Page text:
Goblins: Deduction vs. Abduction   4 comments

Alas, I have not quite finished yet. Perhaps this post will give a hint as to why. But first, a brief detour into Sherlock Holmes.

From the start of The Five Orange Pips by Arthur Conan Doyle:

When I glance over my notes and records of the Sherlock Holmes cases between the years ’82 and ’90, I am faced by so many which present strange and interesting features that it is no easy matter to know which to choose and which to leave. Some, however, have already gained publicity through the papers, and others have not offered a field for those peculiar qualities which my friend possessed in so high a degree, and which it is the object of these papers to illustrate. Some, too, have baffled his analytical skill, and would be, as narratives, beginnings without an ending, while others have been but partially cleared up, and have their explanations founded rather upon conjecture and surmise than on that absolute logical proof which was so dear to him.

Sherlock Holmes is oft-stated to always conclude things based on airtight deduction, having a set of facts whereupon to build a case where there can be no other conclusion. However, quite often the character relies on abduction, which instead a probability-based guess based on circumstances. Later, in the same story, a young man arrives:

“Give me your coat and umbrella,” said Holmes. “They may rest here on the hook and will be dry presently. You have come up from the south-west, I see.”

“Yes, from Horsham.”

“That clay and chalk mixture which I see upon your toe caps is quite distinctive.”

The supposition made here is most likely correct, but hardly the only possible one; perhaps the man stole the shoes from someone else who resided in the area. Still, Sherlock Holmes’s inference is the best explanation, likely enough that the reader doesn’t notice it’s not an “absolute logical proof” in the same manner as mathematically proving that 1 + 1 = 2.

To summarize: with deduction, we have fully known rules and circumstances that when together force some kind of conclusion. With abduction, we have circumstances where we have to infer the chain of events, but it’s a probabilistic guess.

By the treehouse where all the treasures are stored in Goblins there is an “old boot”. There is no more detail other than that.

After long frustration I ended up checking a “hint sheet” that was given with the game, and found this:

Submarine. The sub may be surfaced by waving the boot (which was originally fished from the sea) at the beach where the fish is carrying the welcome sign. Be sure to bring the compass when using the sub or all is lost!

I went to the place with the welcome sign …

… and found WAVE BOOT had no effect, nor did any other attempt at using a magical item. No, it turns out you have to be in the bay just north of this part of the beach, and then the action works.

This happens to be an unusually prominent spot for me to highlight an issue with adventure games. I feel like a lot of adventure game writers think they are writing puzzles which will be solved via the process of deduction, but the player needs to use abduction instead.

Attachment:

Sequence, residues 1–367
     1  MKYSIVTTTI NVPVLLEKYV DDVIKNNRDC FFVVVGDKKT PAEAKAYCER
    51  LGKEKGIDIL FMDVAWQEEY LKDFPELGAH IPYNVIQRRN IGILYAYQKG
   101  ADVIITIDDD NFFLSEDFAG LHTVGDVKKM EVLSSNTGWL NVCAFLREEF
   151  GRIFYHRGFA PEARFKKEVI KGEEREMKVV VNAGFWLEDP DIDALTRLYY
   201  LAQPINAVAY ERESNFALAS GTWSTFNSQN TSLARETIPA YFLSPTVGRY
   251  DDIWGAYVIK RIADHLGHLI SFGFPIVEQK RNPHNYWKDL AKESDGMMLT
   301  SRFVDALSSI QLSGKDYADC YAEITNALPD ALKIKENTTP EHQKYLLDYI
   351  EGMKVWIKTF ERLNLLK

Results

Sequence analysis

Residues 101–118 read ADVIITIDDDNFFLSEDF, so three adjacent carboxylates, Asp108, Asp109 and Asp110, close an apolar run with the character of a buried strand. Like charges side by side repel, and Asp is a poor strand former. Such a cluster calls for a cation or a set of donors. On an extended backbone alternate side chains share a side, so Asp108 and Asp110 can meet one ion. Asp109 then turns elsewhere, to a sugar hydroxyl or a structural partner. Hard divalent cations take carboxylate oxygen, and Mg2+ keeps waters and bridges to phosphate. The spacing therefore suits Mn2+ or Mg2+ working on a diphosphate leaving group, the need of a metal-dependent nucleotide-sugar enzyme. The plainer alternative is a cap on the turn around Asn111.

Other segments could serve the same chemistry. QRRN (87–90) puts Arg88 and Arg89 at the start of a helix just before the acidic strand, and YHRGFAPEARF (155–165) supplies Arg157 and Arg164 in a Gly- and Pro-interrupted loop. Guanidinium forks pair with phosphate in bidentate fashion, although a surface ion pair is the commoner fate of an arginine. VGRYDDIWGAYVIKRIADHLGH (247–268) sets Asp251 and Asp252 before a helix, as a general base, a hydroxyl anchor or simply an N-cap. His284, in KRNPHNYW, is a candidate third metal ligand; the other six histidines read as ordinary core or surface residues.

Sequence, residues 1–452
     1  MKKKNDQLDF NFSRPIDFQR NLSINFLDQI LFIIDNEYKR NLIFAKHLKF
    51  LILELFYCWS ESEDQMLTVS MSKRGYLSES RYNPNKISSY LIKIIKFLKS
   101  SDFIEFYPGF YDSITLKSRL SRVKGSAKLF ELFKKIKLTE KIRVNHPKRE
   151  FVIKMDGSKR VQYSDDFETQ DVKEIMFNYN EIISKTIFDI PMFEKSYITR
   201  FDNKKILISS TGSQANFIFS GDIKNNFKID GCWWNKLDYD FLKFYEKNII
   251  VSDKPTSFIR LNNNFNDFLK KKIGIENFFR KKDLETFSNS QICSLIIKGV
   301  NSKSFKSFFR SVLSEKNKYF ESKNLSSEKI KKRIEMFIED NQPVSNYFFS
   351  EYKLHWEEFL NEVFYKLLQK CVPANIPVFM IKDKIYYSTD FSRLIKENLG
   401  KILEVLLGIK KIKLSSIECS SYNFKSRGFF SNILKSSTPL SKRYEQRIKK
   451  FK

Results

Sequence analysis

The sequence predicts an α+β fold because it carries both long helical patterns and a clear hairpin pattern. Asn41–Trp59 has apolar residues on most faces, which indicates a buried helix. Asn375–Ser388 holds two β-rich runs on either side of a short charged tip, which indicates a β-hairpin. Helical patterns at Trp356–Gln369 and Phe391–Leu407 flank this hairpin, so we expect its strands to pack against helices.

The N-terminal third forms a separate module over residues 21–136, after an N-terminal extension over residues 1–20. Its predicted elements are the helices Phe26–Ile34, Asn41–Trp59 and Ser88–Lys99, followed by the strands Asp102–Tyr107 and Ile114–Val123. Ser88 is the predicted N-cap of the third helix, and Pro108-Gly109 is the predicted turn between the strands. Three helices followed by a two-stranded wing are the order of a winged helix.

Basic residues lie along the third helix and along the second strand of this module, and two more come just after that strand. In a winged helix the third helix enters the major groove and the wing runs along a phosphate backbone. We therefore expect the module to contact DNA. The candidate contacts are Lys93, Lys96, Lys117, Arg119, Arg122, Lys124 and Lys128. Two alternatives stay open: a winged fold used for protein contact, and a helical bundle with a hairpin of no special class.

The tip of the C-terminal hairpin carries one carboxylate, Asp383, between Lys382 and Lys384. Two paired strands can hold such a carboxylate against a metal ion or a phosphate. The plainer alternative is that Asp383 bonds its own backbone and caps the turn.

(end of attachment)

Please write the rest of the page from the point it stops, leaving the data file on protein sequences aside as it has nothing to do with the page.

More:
The author knew the boot was fished from the sea, but somehow failed to convey this fact. The author knew the nature of the boot’s magic. The author knew the boot’s magic could be activated via waving. The author knew the “royal entrance” was next to the sign, but not right at it. If given all those facts, it’s possible to logically conclude both that WAVE BOOT is the right action and where it should be done; without these facts, the player is instead using abduction. They can see the crime scene after the fact and can only make their best guess about what to do.

This isn’t necessarily a bad thing; a confirmed conclusion from abduction can be highly satisfying. However, it needs to be a most likely conclusion, not one plausible theory out of ten. Many authors are tentative about giving “excess hints” to a puzzle in a game, but they have to keep in mind the player is always working via abduction, and making a puzzle solution 10% more likely to be correct isn’t the same as “giving a puzzle away”.

Posted January 11, 2019 by Jason Dyer in Interactive Fiction

Tagged with

4 responses to “Goblins: Deduction vs. Abduction

Subscribe to comments with RSS.

  1. I think of this more like a mistake. Either the writer forgot about the manual, or either the writer thought that it would be clever to make it a little bit more complicated. Which is a mistake.

    • I am sure leaving the room out of the hint was a mistake (is that the one you mean?) There might be an interesting reason for it but I will get to it on my last post.

      All the objects have minimal description so it was definitely meant as “try everything everywhere” for the solution.

  2. The supposition made here is most likely correct, but hardly the only possible one; perhaps the man stole the shoes from someone else who resided in the area. Still, Sherlock Holmes’s inference is the best explanation, likely enough that the reader doesn’t notice it’s an “absolute logical proof” in the same manner as mathematically proving that 1 + 1 = 2.

    Did you mean, the reader doesn’t notice it’s not that kind of proof?

Leave a Reply

Fill in your details below or click an icon to log in:

WordPress.com Logo

You are commenting using your WordPress.com account. Log Out /  Change )

Google photo

You are commenting using your Google account. Log Out /  Change )

Twitter picture

You are commenting using your Twitter account. Log Out /  Change )

Facebook photo

You are commenting using your Facebook account. Log Out /  Change )

Connecting to %s

This site uses Akismet to reduce spam. Learn how your comment data is processed.

%d bloggers like this: